Previously, this blog has discussed what wills are, as well as what happens if someone dies without a last will and testament. There are other special cases as well, however, including what is called an "elective share" or sometimes a "spousal share." As a public policy matter, elective shares are meant to prevent the intentional or accidental disinheriting of a spouse (and sometimes children) by a person's last will and testament.
Basically, the elective share allows a surviving spouse to either take what he or she is given in the last will and testament, or to elect to take a set amount from the estate. This amount in Florida is set at 30 percent of the deceased person's estate.
It is important to note that this includes both probate and non-probate assets. This means not only the property covered in the will, but any life insurance policies or "pay on death" interests in securities and other investments. Further, the spouse may be able to take an interest in any real estate that has been designated "homestead" property. The elective share may also include certain exempt property that would normally be used to pay the estate's creditors.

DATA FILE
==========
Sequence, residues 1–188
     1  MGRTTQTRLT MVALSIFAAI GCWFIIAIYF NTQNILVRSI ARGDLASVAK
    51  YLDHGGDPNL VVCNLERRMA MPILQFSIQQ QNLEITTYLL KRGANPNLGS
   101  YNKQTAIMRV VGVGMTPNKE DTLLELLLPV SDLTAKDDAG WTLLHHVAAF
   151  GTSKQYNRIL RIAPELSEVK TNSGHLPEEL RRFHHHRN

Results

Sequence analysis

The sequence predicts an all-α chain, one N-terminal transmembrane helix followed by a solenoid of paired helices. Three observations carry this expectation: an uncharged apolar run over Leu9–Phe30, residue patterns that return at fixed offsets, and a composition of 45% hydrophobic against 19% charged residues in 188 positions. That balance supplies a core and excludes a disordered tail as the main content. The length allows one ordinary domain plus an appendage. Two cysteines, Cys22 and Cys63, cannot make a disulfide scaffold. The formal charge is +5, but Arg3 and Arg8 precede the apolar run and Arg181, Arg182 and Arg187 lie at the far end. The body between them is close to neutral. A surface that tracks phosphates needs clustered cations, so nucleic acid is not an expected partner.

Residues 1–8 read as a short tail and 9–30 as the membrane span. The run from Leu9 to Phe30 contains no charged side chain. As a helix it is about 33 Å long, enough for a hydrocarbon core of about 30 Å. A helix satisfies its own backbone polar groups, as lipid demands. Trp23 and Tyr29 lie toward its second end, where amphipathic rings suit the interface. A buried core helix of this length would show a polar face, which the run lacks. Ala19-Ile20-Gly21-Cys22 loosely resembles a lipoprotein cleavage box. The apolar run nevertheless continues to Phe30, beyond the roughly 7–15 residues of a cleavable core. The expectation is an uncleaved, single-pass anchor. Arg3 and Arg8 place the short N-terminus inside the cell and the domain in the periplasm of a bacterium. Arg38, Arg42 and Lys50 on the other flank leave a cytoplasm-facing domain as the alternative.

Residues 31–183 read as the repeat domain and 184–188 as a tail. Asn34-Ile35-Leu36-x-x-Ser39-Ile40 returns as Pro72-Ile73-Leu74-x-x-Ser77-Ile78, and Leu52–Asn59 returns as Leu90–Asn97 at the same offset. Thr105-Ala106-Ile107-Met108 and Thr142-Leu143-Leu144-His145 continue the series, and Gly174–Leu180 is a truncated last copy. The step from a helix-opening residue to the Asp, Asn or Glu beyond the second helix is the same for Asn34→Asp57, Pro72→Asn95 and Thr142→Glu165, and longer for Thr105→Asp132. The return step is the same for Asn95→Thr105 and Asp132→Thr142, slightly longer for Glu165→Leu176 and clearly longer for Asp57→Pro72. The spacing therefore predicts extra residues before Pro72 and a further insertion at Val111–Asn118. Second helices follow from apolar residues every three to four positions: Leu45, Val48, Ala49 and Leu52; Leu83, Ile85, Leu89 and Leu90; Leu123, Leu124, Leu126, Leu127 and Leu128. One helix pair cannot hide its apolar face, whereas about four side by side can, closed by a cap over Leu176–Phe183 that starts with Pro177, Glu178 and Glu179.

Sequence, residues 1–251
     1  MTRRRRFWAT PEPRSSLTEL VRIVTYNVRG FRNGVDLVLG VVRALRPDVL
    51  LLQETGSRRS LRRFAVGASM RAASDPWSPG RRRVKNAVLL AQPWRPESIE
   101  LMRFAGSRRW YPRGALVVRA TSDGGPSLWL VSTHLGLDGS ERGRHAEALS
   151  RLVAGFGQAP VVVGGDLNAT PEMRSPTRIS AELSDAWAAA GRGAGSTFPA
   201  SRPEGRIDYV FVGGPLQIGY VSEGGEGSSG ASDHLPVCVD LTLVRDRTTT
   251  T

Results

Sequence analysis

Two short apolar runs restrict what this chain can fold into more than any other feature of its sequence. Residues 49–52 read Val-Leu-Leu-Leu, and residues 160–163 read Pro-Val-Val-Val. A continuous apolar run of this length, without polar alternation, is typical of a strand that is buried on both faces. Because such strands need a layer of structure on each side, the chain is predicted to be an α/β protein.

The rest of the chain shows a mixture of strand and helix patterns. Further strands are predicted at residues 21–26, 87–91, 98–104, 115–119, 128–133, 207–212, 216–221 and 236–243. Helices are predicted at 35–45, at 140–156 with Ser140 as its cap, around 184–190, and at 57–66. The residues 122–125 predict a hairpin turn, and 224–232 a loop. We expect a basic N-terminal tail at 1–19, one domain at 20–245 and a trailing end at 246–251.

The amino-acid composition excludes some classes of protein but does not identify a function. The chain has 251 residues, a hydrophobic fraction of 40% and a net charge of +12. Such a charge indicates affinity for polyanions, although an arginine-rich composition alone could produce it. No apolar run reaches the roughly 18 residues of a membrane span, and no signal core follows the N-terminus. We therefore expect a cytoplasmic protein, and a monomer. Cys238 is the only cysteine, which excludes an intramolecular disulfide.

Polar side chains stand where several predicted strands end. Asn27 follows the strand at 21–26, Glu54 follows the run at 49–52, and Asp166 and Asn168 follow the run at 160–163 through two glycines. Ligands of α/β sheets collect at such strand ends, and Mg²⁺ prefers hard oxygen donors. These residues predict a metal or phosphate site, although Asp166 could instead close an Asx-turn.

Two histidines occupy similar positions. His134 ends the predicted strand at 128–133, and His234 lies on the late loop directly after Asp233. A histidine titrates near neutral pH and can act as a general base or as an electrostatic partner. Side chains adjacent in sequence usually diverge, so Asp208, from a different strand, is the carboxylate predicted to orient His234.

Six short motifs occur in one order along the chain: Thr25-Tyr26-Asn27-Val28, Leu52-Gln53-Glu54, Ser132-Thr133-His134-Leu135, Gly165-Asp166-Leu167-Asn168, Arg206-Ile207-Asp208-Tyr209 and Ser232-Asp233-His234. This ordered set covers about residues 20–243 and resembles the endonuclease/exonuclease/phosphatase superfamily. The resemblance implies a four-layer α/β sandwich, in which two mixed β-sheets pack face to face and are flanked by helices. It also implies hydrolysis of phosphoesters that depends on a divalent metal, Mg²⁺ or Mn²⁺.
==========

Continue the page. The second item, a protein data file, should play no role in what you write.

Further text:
While the law prevents a person from completely disinheriting a spouse, the spouse can legally waive his or her right to the elective share in a properly executed pre- or post-nuptial agreement. Also, persons other than those entitled to an elective share can be disinherited without the will having to give them a nominal gift. The laws and regulations that apply to elective shares can become quite complicated, so it may behoove anyone who believes he or she may be entitled to exercise this right to contact an experienced estate planning attorney.
Source: FloridaBar.org, "WHAT ARE THE RIGHTS OF THE DECEDENT'S SURVIVING FAMILY?," accessed on Jan. 12, 2014